The Boulevard will include eight new bus stops along Post Oak Boulevard that will increase north-south connectivity in Uptown.

In addition, the new express lanes at the Northwest Transit Center and the new Uptown Transit Center are aimed at improving the inner-city and suburban transportation networks, which will increase accessibility to the park-and-ride lots.

The elevated bus lanes on Interstate 610 to the Northwest Transit Center are expected to be operational in the first quarter of 2020, Breeding said.   

With the range of salaries available in Uptown, Breeding believes the transportation upgrades will have a positive social and economic impact on who can work and access the district. People can opt to use the METRO system to get to work, experience a host of restaurants for lunch, attend local meetings and after-work shopping and entertainment. 

Uptown is planning on build a land bridge over Memorial Drive to provide a convenient way for pedestrians and residents to get across to Memorial Park, with a combination of funding from the Uptown Development Authority, Memorial Park Conservancy and the Kinder Foundation. The foundation's contribution is part of a larger $70M donation from tapped for the park

The bridge will open by 2022, Breeding said. Uptown is also adding smaller parks and green spaces throughout the district. 

As Uptown Builds Up, It's Banking On Walkability To Ease Growing Pains
Flower Child at Uptown Park

Reimagining Retail To Build Community

The idea of connectivity is not limited to road construction, but also how property owners are reimagining commercial property from Uptown Park to the north to a planned mixed-use megadevelopment at the south. 

Houston-based McNair Interests, founded by the late Houston Texans owner Bob McNair, is constructing a 1.2M SF property with a hotel, luxury residences, multifamily, office restaurant, retail and green space components at Post Oak Boulevard and Richmond Avenue. Construction is expected to start this year and deliver in 2023. 

At Uptown Park, a 160-acre retail center in the northern portion of the district, developer Edens is focused on enhancing the placemaking, Edens Managing Director Tom Kiler said.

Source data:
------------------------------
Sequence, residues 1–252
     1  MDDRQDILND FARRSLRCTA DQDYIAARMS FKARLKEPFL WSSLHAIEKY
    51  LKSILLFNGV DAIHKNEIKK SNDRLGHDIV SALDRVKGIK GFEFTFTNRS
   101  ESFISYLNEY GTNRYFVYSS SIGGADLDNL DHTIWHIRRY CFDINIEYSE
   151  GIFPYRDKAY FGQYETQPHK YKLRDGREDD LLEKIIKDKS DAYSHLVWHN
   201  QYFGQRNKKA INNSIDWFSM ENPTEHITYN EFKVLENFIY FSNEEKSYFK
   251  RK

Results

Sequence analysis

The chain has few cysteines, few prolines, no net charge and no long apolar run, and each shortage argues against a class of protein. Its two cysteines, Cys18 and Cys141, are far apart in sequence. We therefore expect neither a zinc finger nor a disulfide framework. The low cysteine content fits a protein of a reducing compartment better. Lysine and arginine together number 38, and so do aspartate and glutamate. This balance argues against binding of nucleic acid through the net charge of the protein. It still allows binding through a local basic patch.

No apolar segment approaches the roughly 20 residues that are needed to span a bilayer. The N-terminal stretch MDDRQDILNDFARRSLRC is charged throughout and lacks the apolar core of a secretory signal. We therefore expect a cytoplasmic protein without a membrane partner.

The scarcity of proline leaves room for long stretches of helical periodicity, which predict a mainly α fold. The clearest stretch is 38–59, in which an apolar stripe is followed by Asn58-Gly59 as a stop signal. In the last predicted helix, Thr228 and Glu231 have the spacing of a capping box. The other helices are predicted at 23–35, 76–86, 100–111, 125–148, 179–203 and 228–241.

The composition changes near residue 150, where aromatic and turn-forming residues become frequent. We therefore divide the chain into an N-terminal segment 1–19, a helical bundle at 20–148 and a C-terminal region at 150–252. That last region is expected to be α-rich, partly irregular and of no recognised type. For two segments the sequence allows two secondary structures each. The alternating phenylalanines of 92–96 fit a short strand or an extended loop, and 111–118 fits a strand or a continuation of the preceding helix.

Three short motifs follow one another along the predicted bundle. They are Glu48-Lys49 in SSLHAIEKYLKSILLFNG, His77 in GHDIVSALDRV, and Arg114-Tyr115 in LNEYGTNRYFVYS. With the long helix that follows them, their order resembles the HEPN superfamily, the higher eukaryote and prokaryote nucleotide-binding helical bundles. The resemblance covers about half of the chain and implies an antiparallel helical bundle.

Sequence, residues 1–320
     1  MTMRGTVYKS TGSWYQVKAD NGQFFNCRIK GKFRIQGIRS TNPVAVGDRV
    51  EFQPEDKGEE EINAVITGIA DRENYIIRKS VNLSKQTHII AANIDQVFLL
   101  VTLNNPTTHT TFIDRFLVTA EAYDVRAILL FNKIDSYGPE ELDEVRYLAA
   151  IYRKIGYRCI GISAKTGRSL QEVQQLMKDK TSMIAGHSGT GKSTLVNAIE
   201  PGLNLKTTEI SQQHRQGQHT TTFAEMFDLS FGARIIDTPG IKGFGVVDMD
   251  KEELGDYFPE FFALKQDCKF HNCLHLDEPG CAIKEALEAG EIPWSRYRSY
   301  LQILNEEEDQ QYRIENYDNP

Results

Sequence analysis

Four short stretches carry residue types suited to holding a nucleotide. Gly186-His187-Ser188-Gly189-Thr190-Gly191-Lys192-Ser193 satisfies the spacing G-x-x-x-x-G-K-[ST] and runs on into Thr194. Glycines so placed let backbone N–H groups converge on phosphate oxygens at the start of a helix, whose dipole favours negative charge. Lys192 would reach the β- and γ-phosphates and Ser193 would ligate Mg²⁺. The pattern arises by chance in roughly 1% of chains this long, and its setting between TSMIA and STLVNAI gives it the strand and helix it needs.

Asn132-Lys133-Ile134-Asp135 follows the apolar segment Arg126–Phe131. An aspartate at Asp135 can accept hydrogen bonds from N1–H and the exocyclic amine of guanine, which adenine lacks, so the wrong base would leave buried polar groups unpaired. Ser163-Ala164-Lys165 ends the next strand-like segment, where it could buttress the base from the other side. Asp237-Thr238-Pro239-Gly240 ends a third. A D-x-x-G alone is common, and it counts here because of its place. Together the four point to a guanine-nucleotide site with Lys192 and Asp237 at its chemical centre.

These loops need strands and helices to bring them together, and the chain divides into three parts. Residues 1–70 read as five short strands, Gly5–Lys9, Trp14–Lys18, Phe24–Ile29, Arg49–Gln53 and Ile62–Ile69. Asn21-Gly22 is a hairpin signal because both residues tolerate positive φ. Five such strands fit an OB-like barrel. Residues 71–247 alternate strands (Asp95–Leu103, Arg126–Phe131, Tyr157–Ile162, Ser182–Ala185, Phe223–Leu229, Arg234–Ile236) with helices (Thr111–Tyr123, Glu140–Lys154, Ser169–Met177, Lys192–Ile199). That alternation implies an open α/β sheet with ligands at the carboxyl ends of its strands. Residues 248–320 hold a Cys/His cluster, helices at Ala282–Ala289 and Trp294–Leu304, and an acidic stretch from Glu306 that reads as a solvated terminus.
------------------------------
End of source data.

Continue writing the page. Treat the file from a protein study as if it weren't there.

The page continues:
"The buildings didn't speak to each other," he said. "Uptown is interesting because it has a history. People know it. We feel like we must evolve and bring new life to it."   

Uptown Park features new places where customers can sit, relax and people-watch or use public WiFi, Kiler said. The public spaces will also be infused with local art to bring another level of authenticity to the property.  

The lineup of new tenants will not only complement the current tenants, but also provide additional reasons to visit, Kiler said. Potential new concepts include restaurants, health and beauty retailers, home goods, a movie theater, a sports bar or a local partnership related to performing arts. Uptown Park is currently 91% leased, according to Edens. 

Edens will soon announce a boutique fitness concept that will bring another level of activity to the property that previously didn’t exist, Kiler said.

“The morning is a time where we have been historically quiet,” he said. “[The gym] will bring some energy in the morning, mid-morning and, with all the office buildings, an after-work crowd.” 

Join Edens' Kiler, Landry's Rodney Lehrer and a host of others discuss The Future of Uptown Houston at The Westin Galleria Houston on April 17. 

CORRECTION, MARCH 29, 4 P.M. CT: The Kinder Foundation partnered with two other groups to fund the land bridge over Memorial Drive. A previous version of this story misstated the funding for the bridge and which road it transversed. This story has been updated.